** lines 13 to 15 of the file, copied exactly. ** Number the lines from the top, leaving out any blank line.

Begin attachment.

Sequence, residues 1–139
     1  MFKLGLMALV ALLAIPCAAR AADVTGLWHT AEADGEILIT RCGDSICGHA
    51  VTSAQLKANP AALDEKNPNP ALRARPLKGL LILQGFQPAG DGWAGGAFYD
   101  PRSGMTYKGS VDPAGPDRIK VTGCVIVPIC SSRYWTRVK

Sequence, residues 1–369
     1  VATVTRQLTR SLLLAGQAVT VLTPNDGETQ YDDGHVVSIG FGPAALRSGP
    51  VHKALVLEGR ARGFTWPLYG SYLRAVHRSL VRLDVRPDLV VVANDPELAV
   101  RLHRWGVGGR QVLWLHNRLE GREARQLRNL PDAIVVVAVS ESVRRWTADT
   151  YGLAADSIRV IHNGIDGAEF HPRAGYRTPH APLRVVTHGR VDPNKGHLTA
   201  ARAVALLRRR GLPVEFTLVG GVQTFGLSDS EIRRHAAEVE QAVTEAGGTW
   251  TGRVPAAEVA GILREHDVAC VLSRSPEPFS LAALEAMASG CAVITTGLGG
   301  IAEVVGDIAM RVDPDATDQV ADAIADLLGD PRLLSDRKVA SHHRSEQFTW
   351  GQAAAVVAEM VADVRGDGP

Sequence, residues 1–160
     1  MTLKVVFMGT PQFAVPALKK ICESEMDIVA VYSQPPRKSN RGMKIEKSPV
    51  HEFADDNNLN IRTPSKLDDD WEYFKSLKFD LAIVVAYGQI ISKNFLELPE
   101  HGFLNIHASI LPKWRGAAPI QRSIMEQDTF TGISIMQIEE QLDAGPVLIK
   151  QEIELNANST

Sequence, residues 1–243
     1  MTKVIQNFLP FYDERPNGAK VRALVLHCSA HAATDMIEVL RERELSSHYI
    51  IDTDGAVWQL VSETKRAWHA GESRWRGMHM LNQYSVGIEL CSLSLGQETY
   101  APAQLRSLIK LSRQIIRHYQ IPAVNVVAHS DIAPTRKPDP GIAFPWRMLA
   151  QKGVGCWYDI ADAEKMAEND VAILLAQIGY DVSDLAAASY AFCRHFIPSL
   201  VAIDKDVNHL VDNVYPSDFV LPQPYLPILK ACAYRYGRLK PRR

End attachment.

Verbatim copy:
   351  GQAAAVVAEM VADVRGDGP

Sequence, residues 1–160
     1  MTLKVVFMGT PQFAVPALKK ICESEMDIVA VYSQPPRKSN RGMKIEKSPV